Standing in the shadows of the Himalayas has to be one of the most humbling things for a human to experience in nature. The Himalayan range has brought adventurers from all over the world, and its peaks are considered sacred by Buddhists. Despite watching documentaries and movies that featured mountains such as Everest, nothing prepared us for being face to face with the imposing mountains.


Filed under Health, India

Anyone Can Travel, Just Let Go

Each month, a group of us nomadic families participate in a writing project where we share our ideas on a specific topic. We’ve been chatting about how we respond to people who tell us “I’m so jealous” or “I wish our family could do that” and realized that our answers may be of interest to a wider audience. So March’s writing project is “Anyone Can Travel, All you Have to Do is…”

Let me start by saying not every family should travel. If you can’t handle crowds, if you can’t stand the surprise of a wrongly advertised hotel room, or refuse to go anywhere without a seatbelt, then perhaps extended travel is not for your family. Then again, maybe your family should travel and get a different perspective.

My thoughts are more for those families that know they want to take off on a long adventure but don’t think they can. We reckon that most families resist pulling the trigger because they fear letting go of a life they’ve worked so hard to build. I want to share what were the hardest things for us to let go of, why we did it and what it all means five months into our journey.

Letting go of responsibility

Sandeep and I are the quintessential Asian couple. We followed the path that was expected of us. We got good grades, went to top universities, found each other and settled down early, popped two babies and climbed the ladders at multi-national corporations. We did everything to set a foundation for our family and prepare for our own retirement. However, both of us had a sense of adventure and curiosity that we weren’t able to satiate through our vacations. Our first decade as professionals had flown by and at least another three stretched ahead. We wanted a break from living the life we should to live the life we want. Watching our kids grow up made us realize life goes by fast. Finding out I had multiple sclerosis made us realize that life also take turns we don’t plan. Too many of us take our responsibilities so seriously that we start forgetting the things that really matter such as health, personal connections, or introspection. Every elderly person we meet on the road compliments us, saying that they have all the time now to travel but have lost either the physical ability or the family ties to make it a reality. Their advice and ours is don’t wait until retirement to travel the world. You may not be able to climb the Himalayas or swim in the bluest oceans if you do. And you certainly wont be able to experience these things with your impressionable children. By making the decision to travel, Sandeep and I actually think that we did the most responsible thing we could for our family. We’re navigating the world together and understanding each other on a level we never did at home. Most importantly we have all the time in the world to truly appreciate each other and what makes us a family. We’re not turning our backs on the conventional paths to responsibility, but travel has given us a renewed focus for why it matters.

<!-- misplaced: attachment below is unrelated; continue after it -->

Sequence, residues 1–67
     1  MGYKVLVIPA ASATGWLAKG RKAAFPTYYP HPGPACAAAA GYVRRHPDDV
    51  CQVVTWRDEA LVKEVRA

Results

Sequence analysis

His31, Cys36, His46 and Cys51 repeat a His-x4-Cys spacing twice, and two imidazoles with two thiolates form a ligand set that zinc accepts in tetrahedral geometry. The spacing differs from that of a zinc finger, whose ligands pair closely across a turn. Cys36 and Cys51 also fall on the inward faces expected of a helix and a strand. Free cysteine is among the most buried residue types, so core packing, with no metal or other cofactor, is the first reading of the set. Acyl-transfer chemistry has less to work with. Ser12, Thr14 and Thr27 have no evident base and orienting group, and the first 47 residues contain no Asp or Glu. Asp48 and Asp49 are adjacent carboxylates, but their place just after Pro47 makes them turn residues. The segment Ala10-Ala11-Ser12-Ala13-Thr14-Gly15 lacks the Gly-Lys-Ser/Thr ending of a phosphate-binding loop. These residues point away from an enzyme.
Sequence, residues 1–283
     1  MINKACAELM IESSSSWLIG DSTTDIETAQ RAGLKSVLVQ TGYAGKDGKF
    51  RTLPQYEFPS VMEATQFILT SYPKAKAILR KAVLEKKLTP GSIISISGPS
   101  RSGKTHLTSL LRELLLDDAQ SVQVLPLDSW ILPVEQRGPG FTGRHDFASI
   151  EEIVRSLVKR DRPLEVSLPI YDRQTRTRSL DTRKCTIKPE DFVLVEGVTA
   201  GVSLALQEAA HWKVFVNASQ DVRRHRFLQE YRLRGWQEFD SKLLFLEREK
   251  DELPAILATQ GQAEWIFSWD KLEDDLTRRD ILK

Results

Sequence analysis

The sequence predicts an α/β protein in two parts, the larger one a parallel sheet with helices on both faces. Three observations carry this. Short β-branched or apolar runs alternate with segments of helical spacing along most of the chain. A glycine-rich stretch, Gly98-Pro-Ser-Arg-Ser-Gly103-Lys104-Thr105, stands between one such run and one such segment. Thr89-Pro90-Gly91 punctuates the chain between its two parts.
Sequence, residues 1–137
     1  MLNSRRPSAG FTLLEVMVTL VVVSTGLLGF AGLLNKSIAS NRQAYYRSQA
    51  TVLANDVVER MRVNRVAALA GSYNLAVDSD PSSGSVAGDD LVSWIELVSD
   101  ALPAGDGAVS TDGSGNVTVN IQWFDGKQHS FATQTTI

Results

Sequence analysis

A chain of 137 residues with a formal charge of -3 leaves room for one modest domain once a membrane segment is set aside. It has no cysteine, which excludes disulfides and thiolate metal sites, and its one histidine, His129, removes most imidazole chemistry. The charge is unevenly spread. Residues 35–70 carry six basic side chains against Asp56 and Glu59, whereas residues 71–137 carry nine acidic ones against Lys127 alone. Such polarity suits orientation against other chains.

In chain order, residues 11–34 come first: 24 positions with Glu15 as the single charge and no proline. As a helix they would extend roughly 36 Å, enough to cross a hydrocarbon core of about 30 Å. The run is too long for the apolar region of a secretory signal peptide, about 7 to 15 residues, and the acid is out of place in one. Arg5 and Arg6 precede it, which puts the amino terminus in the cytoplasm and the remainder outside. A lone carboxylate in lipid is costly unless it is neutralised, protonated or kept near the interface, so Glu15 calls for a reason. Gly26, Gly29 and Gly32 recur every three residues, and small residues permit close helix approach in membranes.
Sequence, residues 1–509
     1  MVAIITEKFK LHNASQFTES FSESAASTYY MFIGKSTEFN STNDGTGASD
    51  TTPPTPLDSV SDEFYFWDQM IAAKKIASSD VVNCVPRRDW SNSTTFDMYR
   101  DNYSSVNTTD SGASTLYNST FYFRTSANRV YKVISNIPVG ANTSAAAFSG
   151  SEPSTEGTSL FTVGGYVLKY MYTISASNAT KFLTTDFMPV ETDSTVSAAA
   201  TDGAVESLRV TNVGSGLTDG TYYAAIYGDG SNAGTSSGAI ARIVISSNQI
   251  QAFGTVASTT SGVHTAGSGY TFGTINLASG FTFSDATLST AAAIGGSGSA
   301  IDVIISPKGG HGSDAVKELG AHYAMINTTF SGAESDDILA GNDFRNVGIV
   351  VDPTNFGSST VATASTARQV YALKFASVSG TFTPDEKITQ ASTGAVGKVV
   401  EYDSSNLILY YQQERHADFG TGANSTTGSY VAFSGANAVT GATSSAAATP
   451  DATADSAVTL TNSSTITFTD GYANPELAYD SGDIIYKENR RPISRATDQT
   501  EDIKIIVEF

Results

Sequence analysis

Letting go of Parenting 101

As New York City type-A parents, we stayed in established neighborhoods, enrolled the kids in a variety of classes and even got them into private school before they could talk. We scheduled meals, nap times, gave them mostly organic foods, played lots of music and very little TV. We provided Ava and Kayan with every opportunity, but they were growing too fast for us to process any of it. It was as if we were leading separate lives, hurriedly squeezing in family time in the evenings and weekends. We wondered if taking this trip would disadvantage our kids. Some people were shocked that we would expose a one- and three-year old to the diseases of the world. So far, all these concerns seem to be routed in fear not reality. The kids have been healthier on this trip (despite licking floors and playing with the earth) than they ever were at home. When we have needed health care, such as in Kuala Lumpur, we have found it to be of higher quality service than in New York City. And despite visiting ten countries, the kids have only required one non-routine vaccine. Our family has been a single unit over the past five months and we’ve become intimately familiar with each others’ gifts and neuroses. The biggest benefit to all of this is that we as parents have an infinite platform to educate our children about our world. We’ve laid under the Indian sky teaching the kids about constellations. Ava now loves finding Orion’s belt in every new country. By the end of our trip Kayan will know a zebra, lion and rhinoceros because he saw them in the wild, not because he was shown them in a book. After three months in India the kids understand our heritage in a way they never could have at home. Our experiences on the road has brought us closer to our children and them closer to each other. Sandeep and I would like nothing more than for that do define our success as parents.